SEPTEMBER 15, 2006
The House of Representatives easily passed (283-138) a bill this week to build a fence along the Mexico-US border, but it doesn’t mean that it will actually be built since there is still no funding for the huge project.
Without the money to build the 700-mile barrier along the nation’s southwestern border, the Secure Fence Act is more symbolic than anything else. The new law will supposedly allow the Department of Homeland Security to establish operational control over the international land and maritime borders of the United States.
This is crucial because nearly one million illegal immigrants cross into America annually, creating a clear threat to the nation’s safety. They include drug smugglers and violent criminals as well as potential terrorists. So, politicians like House Speaker Dennis Hastert can issue press releases patting themselves on the back for passing this bill but, the question remains; where is the money to make it happen?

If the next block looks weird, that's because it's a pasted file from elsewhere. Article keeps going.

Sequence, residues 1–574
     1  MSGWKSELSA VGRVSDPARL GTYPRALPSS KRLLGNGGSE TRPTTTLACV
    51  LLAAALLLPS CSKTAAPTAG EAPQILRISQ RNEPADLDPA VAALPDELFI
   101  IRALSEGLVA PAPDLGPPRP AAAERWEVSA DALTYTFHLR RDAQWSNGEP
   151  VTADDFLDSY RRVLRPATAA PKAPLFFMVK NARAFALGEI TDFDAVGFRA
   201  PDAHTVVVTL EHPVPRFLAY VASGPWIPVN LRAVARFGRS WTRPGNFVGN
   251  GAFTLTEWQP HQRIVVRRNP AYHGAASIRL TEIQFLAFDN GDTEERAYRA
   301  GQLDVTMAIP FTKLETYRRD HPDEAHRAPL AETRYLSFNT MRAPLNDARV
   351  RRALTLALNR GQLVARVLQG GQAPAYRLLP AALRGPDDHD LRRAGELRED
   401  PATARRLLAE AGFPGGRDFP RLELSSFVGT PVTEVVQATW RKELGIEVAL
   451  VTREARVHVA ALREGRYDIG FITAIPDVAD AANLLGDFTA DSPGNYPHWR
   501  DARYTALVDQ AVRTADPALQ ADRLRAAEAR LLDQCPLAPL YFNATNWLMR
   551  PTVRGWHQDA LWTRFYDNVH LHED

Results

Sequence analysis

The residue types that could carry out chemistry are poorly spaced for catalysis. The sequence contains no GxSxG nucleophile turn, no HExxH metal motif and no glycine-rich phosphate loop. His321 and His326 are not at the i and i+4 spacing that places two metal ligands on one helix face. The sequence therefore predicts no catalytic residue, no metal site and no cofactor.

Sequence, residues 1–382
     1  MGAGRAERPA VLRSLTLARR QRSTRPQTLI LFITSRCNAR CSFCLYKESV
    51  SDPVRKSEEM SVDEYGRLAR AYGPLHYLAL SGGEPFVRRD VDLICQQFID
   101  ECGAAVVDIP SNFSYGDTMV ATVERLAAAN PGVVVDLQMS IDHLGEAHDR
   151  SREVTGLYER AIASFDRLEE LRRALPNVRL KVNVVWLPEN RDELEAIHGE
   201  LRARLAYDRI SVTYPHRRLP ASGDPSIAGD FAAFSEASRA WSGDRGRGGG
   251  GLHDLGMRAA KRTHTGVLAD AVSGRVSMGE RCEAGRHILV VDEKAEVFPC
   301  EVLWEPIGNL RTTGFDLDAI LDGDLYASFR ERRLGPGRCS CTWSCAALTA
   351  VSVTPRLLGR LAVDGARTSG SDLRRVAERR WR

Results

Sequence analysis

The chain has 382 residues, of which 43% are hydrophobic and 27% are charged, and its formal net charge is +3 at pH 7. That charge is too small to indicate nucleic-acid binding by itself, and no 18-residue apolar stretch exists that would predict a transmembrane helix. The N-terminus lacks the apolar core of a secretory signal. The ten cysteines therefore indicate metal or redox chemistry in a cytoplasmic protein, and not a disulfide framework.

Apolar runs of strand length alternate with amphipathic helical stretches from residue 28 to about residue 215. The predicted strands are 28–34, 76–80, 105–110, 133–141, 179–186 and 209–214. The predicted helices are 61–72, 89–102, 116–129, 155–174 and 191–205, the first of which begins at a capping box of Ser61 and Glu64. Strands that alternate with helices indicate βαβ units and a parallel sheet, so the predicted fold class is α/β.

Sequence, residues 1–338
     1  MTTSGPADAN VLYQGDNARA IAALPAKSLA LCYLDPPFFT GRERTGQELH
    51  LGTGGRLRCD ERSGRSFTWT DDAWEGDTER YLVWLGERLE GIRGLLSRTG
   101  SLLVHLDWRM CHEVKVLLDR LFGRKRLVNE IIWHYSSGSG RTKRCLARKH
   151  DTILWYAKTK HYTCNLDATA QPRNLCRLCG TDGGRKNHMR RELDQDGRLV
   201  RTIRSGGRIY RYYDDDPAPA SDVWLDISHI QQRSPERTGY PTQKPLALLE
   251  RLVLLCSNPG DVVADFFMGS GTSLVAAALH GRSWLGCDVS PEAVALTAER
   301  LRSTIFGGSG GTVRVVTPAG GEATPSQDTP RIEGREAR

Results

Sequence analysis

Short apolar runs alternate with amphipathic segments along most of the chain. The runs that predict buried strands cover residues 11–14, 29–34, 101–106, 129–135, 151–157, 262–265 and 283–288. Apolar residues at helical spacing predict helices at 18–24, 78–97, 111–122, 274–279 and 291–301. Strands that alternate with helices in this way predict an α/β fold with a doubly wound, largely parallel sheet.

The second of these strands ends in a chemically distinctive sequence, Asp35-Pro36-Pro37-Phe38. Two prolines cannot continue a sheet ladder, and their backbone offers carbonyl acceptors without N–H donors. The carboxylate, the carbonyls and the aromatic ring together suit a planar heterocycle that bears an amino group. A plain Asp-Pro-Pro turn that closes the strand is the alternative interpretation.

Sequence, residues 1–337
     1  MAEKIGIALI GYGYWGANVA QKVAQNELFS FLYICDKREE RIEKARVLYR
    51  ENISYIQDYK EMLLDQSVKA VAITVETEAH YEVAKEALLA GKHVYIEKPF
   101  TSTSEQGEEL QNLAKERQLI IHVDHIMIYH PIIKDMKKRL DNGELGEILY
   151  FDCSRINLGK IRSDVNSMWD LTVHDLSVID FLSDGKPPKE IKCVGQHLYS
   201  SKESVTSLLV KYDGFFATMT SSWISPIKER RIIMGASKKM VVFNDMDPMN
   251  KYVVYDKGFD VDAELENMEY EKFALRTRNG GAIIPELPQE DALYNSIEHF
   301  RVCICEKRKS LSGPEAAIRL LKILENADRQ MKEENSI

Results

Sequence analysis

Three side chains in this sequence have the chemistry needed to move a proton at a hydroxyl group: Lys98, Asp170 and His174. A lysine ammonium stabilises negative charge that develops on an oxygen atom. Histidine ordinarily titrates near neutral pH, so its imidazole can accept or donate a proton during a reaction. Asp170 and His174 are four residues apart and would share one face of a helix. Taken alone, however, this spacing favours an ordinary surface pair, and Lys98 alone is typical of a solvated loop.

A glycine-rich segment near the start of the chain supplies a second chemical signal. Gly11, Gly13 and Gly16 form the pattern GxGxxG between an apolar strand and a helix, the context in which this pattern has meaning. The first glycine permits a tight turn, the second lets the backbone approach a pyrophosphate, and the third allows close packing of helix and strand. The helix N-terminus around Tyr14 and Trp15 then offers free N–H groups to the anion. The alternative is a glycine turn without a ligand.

Earlier this year the Senate overwhelmingly voted to build a much smaller fence along an active portion of the Mexican border but later voted against the funding to build it, leading one Alabama Senator to say that his fellow lawmakers do a lot of talking and that “the things we do often sound very good, but we never quite get there.” After public outrage, the Senate did an abrupt about face and finally voted to in fact fund the fence.
Will the same thing happen with the Secure Fence Act? After all, an early estimate of the cost of constructing double-layered fencing along the entire Mexico border ran around $2.2 billion. The investment seems worth it for a tool that has already proven effective. Illegal incursions have dropped tremendously along a 14-mile stretch of the San Diego-Mexico border after a fence was built. The barrier helped reduce illegal immigrant apprehensions from about 200,000 in 1992 to 9,000 in 2005.
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